Officially, at 2 a.m. Sunday, clocks should “spring forward” and declare that it’s 3 a.m. – but most people take care of this before hitting the hay Saturday, so they can curse their alarm clocks before the sun comes up.
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Daylight Savings Time, also referred to as “summertime,” is the practice of temporarily advancing clocks so afternoons have more daylight and mornings have less.
Thus the “spring forward” that preys on the already sleep-deprived and the “fall back” that gives revelers an extra hour before curfew during college football season.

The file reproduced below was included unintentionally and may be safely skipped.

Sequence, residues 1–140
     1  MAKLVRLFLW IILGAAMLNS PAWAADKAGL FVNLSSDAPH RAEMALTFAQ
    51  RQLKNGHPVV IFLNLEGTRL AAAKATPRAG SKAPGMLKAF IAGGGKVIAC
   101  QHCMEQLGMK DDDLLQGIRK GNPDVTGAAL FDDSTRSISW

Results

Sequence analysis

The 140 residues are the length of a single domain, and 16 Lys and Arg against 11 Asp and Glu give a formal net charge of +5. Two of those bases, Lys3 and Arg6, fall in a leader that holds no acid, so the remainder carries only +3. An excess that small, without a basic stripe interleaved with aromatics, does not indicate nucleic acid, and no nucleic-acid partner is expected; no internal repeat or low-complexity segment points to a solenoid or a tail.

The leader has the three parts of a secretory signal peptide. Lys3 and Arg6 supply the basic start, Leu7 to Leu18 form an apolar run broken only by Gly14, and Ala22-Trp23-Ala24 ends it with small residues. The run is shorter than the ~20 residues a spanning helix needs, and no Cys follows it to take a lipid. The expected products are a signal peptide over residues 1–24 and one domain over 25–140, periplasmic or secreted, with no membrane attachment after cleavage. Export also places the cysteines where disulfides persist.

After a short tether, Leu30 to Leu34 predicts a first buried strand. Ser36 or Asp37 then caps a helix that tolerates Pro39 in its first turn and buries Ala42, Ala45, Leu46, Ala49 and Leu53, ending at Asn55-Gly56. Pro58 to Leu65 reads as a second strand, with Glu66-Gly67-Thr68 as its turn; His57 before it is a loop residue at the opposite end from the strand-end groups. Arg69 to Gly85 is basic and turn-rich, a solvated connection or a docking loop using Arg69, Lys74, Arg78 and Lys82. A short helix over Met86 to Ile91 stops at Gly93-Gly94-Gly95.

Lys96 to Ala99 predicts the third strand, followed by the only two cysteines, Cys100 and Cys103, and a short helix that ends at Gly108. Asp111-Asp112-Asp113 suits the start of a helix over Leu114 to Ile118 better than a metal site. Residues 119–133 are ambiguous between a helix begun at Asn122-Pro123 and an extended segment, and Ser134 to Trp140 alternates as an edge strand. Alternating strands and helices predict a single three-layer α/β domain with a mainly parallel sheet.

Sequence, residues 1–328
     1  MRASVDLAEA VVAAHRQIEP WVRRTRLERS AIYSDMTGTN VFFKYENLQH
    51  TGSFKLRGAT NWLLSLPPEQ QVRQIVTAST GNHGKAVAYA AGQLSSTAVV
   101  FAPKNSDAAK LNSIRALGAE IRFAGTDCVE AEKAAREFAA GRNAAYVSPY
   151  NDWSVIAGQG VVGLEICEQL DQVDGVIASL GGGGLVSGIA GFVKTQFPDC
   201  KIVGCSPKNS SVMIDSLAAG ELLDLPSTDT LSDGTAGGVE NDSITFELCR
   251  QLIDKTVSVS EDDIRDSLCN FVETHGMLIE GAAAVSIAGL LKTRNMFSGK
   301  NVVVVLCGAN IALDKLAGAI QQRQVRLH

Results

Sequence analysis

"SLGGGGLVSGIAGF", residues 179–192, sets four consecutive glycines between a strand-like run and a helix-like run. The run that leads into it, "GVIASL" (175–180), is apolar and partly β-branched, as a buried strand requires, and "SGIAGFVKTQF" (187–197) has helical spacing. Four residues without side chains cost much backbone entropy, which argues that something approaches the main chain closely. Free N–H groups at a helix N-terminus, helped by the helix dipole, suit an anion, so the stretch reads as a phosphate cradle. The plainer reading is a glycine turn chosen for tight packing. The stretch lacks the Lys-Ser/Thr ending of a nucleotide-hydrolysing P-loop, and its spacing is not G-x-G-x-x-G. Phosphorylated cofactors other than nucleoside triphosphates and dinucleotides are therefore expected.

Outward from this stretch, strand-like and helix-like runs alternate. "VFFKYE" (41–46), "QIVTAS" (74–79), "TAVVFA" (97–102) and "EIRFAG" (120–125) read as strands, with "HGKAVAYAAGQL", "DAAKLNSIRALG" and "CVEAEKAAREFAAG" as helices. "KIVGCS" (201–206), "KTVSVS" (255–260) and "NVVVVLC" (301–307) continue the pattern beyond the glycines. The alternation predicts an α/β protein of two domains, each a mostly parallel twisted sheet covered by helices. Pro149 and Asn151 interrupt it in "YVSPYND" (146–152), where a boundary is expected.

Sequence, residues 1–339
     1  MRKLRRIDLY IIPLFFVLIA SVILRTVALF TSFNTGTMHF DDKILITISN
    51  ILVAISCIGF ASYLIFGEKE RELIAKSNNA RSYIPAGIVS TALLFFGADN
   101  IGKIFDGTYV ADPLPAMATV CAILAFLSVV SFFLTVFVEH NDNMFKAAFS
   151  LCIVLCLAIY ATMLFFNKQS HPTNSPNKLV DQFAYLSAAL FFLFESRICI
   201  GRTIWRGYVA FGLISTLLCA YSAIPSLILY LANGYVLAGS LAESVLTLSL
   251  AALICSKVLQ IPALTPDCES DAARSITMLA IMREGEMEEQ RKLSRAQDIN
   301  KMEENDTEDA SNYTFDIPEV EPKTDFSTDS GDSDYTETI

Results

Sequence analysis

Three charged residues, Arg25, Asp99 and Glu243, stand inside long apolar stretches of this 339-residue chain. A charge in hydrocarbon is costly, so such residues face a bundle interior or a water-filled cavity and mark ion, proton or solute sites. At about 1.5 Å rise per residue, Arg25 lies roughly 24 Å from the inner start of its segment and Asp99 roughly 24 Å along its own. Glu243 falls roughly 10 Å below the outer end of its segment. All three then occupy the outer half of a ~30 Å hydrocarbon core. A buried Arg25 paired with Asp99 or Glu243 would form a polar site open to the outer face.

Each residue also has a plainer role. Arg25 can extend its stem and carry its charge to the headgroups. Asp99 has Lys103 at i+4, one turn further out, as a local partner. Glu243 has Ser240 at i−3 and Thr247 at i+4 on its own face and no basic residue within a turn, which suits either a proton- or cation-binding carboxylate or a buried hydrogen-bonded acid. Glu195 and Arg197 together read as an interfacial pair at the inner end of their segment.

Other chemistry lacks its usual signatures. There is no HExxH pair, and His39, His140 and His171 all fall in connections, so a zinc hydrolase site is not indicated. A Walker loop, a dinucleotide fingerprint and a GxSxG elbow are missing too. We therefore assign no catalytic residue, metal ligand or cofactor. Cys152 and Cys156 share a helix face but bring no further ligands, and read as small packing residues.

The practice of changing the clocks is said to benefit golfers and retailers, who enjoy additional customers before the cloak of darkness. On the flip side, it isn’t really great for evening entertainment and farming.
Invented by New Zealand entomologist (who collected bugs for fun) in 1895, the law wasn’t codified until 1916 when Germany and its’ World War I allies adopted the practice to conserve coal during wartime.
In the United States, it was also adopted during WWI to conserve fuel, then suspended until it was put into effect during WWII. In 1966 the Uniform Time Act was passed, outlining the basic framework, which was thrown out the window in 1973, when Daylight Savings Time was observed all year. The standardized time shift we now observe – turning clocks forward an hour on the second Sunday in March and back an hour on the first Sunday in November – was standardized in 1986.
Well, except in Hawai’i and Arizona. They don’t observe Daylight Savings Time.
But for everyone else – make sure to change those clocks Saturday night!